Amid the discussions that marked the first anniversary of Russia’s invasion of Ukraine, another date is worth remembering: the 77th anniversary of the “long telegram” sent by diplomat George Kennan. In February 1946, as the US chargé d’affaires in Moscow, Kennan offered his advice to the Truman administration on how Washington should respond to the Soviet threat.
As we enter a new cold war with Russia, it is important not just to recall Kennan’s lessons, but to remember how he turned against the ways in which they were implemented by Washington. As Frank Costigliola writes in his magisterial new biography Kennan: A Life Between Worlds: “The greatest tragedy in the life of George F Kennan arose from his most famous success.”
In his memo, Kennan — who was also the first head of the policy planning staff at the US state department — set out what became the doctrine of “containment” of the USSR and Soviet communism: that further advances by Moscow should be met with firm resistance, but that there was no need to undertake the horrible risks of actually trying to overthrow the Soviet system. With rare prescience, Kennan argued that the system would collapse of its own accord, under the weight of its accumulated oppressions and economic insanities.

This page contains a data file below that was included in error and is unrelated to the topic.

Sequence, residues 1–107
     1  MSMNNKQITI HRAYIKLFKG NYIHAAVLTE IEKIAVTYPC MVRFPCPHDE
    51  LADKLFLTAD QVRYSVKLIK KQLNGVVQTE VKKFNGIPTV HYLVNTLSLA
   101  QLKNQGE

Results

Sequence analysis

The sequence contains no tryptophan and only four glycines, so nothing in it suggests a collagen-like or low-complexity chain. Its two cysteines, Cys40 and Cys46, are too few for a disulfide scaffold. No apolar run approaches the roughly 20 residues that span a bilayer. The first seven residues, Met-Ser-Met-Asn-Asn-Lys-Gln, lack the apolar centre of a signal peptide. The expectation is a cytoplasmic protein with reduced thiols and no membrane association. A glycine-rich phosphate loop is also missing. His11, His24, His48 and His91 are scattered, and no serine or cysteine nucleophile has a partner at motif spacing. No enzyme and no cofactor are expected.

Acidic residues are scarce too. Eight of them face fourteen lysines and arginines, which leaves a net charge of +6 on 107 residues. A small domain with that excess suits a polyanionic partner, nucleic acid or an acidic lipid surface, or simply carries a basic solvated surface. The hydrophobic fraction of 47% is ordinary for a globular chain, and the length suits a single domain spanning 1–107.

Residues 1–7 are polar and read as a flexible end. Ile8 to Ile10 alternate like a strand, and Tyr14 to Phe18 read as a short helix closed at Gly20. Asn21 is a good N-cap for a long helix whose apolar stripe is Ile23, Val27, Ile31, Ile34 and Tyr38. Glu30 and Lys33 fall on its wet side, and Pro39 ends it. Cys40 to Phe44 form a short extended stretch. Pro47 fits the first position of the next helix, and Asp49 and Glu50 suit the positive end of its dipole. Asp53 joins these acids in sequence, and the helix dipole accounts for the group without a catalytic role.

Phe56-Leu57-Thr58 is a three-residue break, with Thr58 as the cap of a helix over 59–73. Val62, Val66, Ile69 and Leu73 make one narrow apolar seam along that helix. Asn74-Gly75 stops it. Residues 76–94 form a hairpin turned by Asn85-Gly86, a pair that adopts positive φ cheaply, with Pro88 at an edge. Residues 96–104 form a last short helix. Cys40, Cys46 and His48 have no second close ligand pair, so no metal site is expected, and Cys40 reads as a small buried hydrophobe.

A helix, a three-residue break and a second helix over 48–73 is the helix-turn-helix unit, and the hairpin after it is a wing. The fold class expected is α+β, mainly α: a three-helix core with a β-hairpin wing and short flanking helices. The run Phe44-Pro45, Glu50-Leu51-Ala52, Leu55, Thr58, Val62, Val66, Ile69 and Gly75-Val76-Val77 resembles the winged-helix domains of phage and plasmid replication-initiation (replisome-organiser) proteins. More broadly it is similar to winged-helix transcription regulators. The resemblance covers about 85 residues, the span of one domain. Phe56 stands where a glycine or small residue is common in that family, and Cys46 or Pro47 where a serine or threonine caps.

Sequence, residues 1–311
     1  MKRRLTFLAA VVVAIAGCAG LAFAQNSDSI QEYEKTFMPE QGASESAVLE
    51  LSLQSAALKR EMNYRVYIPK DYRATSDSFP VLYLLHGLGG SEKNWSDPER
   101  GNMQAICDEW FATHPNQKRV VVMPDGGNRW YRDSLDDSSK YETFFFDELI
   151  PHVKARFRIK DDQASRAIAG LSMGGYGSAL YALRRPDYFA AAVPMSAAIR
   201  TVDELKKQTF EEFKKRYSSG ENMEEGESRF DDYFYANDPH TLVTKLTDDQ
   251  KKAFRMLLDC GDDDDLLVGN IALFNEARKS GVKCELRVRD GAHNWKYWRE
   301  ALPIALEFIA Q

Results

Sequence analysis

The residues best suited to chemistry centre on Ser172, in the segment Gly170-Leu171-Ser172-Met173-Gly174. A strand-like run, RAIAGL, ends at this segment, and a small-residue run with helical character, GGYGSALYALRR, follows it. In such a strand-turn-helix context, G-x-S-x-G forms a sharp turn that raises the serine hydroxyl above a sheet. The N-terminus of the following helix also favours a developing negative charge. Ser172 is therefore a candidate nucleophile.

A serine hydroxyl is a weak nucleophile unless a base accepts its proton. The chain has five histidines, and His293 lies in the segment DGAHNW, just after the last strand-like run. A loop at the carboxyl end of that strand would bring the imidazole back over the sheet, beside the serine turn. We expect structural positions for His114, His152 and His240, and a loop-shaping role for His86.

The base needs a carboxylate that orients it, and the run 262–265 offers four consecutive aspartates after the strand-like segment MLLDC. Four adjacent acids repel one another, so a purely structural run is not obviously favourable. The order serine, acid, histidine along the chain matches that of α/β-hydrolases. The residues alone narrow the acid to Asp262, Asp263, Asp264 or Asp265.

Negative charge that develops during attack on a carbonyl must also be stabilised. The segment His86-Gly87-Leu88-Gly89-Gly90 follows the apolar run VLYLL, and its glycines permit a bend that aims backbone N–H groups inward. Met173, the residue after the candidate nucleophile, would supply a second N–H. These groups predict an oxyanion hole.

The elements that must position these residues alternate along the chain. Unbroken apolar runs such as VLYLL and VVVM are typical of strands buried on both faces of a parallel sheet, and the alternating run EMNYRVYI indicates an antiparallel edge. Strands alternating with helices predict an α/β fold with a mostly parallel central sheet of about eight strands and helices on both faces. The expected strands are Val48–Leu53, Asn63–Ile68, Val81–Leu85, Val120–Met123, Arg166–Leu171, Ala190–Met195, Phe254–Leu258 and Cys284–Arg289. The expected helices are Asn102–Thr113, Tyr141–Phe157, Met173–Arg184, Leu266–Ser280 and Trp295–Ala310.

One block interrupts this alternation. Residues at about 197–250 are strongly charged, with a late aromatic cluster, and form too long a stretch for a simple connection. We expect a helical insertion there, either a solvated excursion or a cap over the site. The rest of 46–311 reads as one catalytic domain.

But Kennan came to essentially agree with the journalist Walter Lippman, his most incisive critic of the time, that he had exaggerated the extent of the Soviet threat and helped to empower paranoia, militarism and ideological hysteria within the US. Lippman argued that Kennan had both ruled out the possibility of compromise with Moscow and committed America to go to war to resist Soviet influence in regions that were of no real interest to the US.
Read the full piece in Financial Times.